Freelancers feel increasingly supported in their wellbeing but financial worries take a toll on their mental health, according to the Film and TV Charity’s third Looking Glass report.
The charity welcomed the industry’s steps to tackle mental health since its first report in 2019, though chief executive Alex Pumfrey said it was starting from a “very low bar”.
Of around 2,000 people completing the survey, 80% said there had been a “positive change” in attitudes. Meanwhile, 35% of freelance workers said there was capability across the industry to give workers the support they need to do their roles, up from 26% in 2021.
Overall, the working environment was seen as being more receptive to discussions about mental health: 51% of respondents reported positive attitudes among their colleagues towards those experiencing mental health issues, up from 43% in 2021.
But only 11% said TV and film is a mentally healthy industry, a negligible change on the previous 10%.
One in four (24%) said they struggle with their mental health, a slight improvement on the previous year’s 29%.
Though the survey was completed prior to the cost-of-living crisis, financial worries were at the front of many people’s minds.
With 16% saying they found it difficult to manage financially and 22% saying they were ‘just getting by’, the charity extrapolated this to say that more than 35,000 people working in film and TV are in financial distress.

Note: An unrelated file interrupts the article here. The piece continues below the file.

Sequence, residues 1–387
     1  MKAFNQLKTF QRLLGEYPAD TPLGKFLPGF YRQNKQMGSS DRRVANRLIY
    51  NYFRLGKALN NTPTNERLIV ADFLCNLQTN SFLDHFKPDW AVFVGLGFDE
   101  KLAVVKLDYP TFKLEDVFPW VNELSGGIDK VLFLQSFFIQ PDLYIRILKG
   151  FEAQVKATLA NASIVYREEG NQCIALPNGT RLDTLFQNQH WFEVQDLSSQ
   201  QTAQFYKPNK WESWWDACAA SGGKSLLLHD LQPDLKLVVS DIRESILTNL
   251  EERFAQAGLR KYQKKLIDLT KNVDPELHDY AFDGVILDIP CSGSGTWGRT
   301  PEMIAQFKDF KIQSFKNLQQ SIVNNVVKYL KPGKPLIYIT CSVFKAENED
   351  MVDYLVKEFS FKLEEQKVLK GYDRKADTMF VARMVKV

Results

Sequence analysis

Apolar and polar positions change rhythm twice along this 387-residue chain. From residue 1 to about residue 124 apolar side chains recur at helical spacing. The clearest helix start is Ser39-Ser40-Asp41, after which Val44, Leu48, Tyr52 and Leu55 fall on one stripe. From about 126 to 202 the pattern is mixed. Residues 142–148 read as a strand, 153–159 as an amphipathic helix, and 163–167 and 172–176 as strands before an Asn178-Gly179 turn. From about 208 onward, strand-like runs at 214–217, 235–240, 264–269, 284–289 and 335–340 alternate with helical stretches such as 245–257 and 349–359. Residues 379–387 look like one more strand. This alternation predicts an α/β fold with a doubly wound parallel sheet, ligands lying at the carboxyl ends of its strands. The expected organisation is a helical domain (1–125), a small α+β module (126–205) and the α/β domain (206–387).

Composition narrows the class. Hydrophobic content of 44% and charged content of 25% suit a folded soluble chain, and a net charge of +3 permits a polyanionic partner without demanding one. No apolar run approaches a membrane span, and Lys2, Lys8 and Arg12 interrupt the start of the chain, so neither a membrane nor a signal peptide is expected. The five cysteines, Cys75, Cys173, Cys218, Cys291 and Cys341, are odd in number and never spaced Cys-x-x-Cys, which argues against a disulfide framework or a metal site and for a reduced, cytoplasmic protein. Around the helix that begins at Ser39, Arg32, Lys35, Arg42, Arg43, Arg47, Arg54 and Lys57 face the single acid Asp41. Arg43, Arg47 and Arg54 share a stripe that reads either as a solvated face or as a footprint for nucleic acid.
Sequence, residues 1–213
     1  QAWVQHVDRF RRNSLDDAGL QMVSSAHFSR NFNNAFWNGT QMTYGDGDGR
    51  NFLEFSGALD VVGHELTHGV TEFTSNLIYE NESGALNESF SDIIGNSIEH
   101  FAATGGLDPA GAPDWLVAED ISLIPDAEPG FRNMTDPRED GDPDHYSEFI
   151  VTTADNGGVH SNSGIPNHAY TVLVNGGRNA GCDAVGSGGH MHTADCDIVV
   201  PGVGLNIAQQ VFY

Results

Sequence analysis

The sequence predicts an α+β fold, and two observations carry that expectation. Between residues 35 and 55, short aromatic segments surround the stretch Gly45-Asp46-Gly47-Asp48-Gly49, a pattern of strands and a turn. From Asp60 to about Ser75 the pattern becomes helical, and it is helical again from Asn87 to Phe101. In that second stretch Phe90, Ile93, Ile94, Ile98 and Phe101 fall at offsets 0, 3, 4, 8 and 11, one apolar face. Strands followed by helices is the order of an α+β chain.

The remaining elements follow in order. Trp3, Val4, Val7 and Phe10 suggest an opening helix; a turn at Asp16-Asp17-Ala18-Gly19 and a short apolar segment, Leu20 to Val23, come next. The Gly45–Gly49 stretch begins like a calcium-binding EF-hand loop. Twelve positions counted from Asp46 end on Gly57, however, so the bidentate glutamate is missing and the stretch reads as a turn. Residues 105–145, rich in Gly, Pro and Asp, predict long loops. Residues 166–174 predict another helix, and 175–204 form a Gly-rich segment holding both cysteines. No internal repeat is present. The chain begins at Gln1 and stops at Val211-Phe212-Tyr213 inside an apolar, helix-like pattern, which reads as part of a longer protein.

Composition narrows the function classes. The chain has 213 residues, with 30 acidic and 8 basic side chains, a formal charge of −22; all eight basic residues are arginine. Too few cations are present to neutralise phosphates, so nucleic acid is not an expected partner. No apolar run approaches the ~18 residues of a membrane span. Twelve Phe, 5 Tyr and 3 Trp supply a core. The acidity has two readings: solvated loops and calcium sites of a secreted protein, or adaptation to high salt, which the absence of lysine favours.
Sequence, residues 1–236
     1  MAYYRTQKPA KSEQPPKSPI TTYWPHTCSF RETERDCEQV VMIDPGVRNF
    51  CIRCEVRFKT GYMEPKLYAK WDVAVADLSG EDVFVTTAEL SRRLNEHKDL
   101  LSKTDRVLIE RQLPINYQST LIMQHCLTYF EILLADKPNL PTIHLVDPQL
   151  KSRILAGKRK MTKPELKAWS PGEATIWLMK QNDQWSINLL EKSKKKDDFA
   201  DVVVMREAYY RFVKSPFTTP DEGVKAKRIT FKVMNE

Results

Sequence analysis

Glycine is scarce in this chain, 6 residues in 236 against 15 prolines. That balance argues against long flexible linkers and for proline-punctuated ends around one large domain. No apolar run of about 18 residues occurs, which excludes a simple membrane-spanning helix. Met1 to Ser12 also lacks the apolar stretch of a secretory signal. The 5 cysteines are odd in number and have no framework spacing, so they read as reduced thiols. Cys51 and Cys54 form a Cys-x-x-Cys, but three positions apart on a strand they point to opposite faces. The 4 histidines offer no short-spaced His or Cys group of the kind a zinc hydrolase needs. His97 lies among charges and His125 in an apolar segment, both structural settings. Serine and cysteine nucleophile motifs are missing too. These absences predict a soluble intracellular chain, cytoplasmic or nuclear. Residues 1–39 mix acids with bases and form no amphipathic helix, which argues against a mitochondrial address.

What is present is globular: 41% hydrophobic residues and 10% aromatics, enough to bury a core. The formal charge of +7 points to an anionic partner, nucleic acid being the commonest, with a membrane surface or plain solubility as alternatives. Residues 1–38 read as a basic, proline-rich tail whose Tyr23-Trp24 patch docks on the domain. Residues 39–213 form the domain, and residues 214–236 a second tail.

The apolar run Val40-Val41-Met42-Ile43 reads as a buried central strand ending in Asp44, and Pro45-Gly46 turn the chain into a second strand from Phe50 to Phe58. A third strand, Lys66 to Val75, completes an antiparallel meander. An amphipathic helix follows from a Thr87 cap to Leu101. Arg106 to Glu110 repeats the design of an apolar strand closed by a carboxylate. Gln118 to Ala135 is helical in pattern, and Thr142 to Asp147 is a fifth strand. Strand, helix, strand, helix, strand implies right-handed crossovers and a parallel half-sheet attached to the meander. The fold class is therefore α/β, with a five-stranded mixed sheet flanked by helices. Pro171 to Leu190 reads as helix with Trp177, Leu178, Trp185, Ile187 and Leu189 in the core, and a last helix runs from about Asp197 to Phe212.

Just over a third (34%) of freelancers said late payments for completed work are making it harder for them to manage their money.
Overall, 24% of respondents struggled to concentrate at work due to money issues and 30% said losing sleep worrying about their finances left them feeling too tired to work.
One in five said they are “just getting by” and 75% are worried about future income. Meanwhile, 27% said they had to take work outside the industry to make ends meet.
The report also identified the burnout risk faced by the 37% of respondents who worked 48 or more weeks in the year to summer 2022, up from 29% in the previous survey, as these would not have taken the minimum statutory leave.
Some 35% said work stopped them from making plans with their friends and family, up from 29% in 2021.
While the proportion who had considered leaving the industry for their wellbeing dropped from 65% to 60%, this masked two stark stats: 71% of 40-44 year-old men had thought about it, and two-thirds of women aged 25-59.